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Posted by Leonard in Colorado Springs, CO on 2/9/2006 8:30:11 PM

We've been pricing saltillo tile for the main level floor and have found out that Lowes has, what I think is a pretty nice type.  It's about a buck and a half per square foot and is unsealed, so I think we can make it a darker richer brownish red.  Has anyone out there stained saltillo tile?

We have also decided to put in two gas free standing fireplaces/stoves.  They are pretty efficient and should, by code, be able to double as heaters.  What is efficent for a gas fireplace/stove?

We are sending our plans out to an electrician for an estimate.  I have no idea how to ask for the estimate except for a breakdown of labor and materials.  We found a really efficient water heater by Marathon, and a 240 volt timer that we can use to set it back at night to save energy.

We also are doing the same for the plumbing.  I think that the plumber does the gas also. 

We need to get many estimates together to apply for our loan.  It's a slow process for a novice.

LynMyers@hotmail.com


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Posted by Leonard in Colorado Springs, CO on 2/6/2006 12:28:00 PM

My wife and I looked at bids from six different SIP manufacturers, and decided to go with one from Minnesota, that included all hardware needed, and still at a good price.  This company also supplies a SIP panel designed to be used as a basement wall, which we will do.

Most people I've talked to, fans of SIPs are shaky on their support of basement wall SIPs and can't say exactly why, they just don't know about them.  With concrete walls you have much less insulation, interior penetration of moisture, and you have to frame out on the inside to sheetrock and install insulation.  SIPs can have sheetrock nailed directly to the inside surface.  Insulated Concrete Forms used for below grade walls are a good option, but much more expensive, and need special attachment of any interior treatment.  So scary as it may be, we are going with SIPs below grade.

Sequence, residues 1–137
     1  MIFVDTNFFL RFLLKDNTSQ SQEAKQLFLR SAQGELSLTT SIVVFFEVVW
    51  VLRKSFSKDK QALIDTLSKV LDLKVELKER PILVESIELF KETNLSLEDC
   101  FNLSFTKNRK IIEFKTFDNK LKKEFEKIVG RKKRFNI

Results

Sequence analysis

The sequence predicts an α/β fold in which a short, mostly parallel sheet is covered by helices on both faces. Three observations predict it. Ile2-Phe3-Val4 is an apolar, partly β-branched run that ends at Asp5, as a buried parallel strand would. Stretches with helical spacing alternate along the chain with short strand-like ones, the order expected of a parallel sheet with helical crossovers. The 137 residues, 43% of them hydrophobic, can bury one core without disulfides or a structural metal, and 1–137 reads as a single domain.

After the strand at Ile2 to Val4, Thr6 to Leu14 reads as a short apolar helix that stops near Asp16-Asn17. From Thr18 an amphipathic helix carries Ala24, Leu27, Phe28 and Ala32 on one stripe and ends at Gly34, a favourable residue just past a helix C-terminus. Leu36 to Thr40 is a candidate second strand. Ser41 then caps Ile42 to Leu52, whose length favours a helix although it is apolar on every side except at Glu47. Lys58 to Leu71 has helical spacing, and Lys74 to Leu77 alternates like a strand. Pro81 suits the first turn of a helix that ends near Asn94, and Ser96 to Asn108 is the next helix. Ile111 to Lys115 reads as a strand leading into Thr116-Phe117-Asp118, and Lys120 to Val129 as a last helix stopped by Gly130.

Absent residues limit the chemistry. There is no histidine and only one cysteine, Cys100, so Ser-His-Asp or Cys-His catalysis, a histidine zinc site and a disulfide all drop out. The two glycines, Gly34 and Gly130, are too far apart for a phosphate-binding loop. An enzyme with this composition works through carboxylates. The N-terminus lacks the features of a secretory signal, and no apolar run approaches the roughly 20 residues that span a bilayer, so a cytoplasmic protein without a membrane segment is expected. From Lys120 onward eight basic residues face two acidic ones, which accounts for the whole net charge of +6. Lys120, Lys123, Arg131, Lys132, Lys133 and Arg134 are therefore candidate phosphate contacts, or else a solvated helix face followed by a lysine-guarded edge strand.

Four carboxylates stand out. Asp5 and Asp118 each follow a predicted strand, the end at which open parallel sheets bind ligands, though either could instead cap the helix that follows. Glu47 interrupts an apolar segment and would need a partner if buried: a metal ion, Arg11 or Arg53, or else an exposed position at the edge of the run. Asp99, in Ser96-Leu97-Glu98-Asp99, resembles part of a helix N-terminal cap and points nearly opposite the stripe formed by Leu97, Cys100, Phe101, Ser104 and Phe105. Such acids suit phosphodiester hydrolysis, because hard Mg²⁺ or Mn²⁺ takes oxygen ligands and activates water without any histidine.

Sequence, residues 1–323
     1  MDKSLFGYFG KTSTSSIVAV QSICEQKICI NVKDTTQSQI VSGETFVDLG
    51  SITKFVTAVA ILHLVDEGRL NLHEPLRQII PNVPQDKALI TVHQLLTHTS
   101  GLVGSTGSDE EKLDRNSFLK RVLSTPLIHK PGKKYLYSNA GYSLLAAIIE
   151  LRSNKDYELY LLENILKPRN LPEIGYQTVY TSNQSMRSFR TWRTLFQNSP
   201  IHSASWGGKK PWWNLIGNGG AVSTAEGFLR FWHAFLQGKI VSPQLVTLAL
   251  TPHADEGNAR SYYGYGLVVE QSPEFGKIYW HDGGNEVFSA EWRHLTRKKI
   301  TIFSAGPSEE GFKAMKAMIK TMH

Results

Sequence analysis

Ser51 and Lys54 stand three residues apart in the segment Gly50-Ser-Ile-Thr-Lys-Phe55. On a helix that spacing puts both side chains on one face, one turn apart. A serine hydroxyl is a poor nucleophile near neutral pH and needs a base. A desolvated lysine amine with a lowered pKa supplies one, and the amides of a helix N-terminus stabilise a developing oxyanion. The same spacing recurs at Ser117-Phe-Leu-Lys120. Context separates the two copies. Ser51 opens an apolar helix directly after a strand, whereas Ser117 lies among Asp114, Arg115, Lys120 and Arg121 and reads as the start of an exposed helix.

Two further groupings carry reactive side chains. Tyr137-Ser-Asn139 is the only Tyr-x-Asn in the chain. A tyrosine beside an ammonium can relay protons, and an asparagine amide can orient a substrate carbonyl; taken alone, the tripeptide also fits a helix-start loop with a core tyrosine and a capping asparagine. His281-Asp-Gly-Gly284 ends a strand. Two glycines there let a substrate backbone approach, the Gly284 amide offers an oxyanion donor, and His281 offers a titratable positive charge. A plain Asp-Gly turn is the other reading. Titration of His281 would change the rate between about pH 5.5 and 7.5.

We plan to seal the exterior surface as specified and much more with membranes that we have found for that purpose and the backfill and french drains have to be very carefully placed and backfilled afterwards.

SIPs have an R rating that is a good bit higher than stick construction, which in itself is reason to consider them, but the R rating of the total wall with SIPs is probably twice that of a conventionally constructed wall because of the very few seams it has to allow penetration of the cold and heat.

Also SIPs are much stronger than conventional walls because rather than supporting loads on a point to point basis, their support works in an evenly distributed manor.  In many cases storms have destroyed most of the houses surrounding a SIP house that was virtually untouched.

For a owner/builder, the fact that all panels can be pre-cut in the factory to the angles of the roof and joints, and for rough openings of windows and doors is a dream.  With a small crew the walls and roof can be constructed in a third to half the time of conventional construction, so I found in research.

We have now had engineering reports done for our septic field and foundation.  We have had our engineering design, as required done for our septic field and have just requested a design for our foundation.  We've requested electrical service and have staked out where the pole should go and recieved a cost to place it.